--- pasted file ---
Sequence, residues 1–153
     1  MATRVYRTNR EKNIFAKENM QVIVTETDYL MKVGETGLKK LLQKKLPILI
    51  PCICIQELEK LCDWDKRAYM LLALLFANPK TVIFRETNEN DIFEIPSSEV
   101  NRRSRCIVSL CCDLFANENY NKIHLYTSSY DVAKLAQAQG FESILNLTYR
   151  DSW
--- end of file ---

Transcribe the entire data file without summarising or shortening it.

Sequence, residues 1–153
     1  MATRVYRTNR EKNIFAKENM QVIVTETDYL MKVGETGLKK LLQKKLPILI
    51  PCICIQELEK LCDWDKRAYM LLALLFANPK TVIFRETNEN DIFEIPSSEV
   101  NRRSRCIVSL CCDLFANENY NKIHLYTSSY DVAKLAQAQG FESILNLTYR
   151  DSW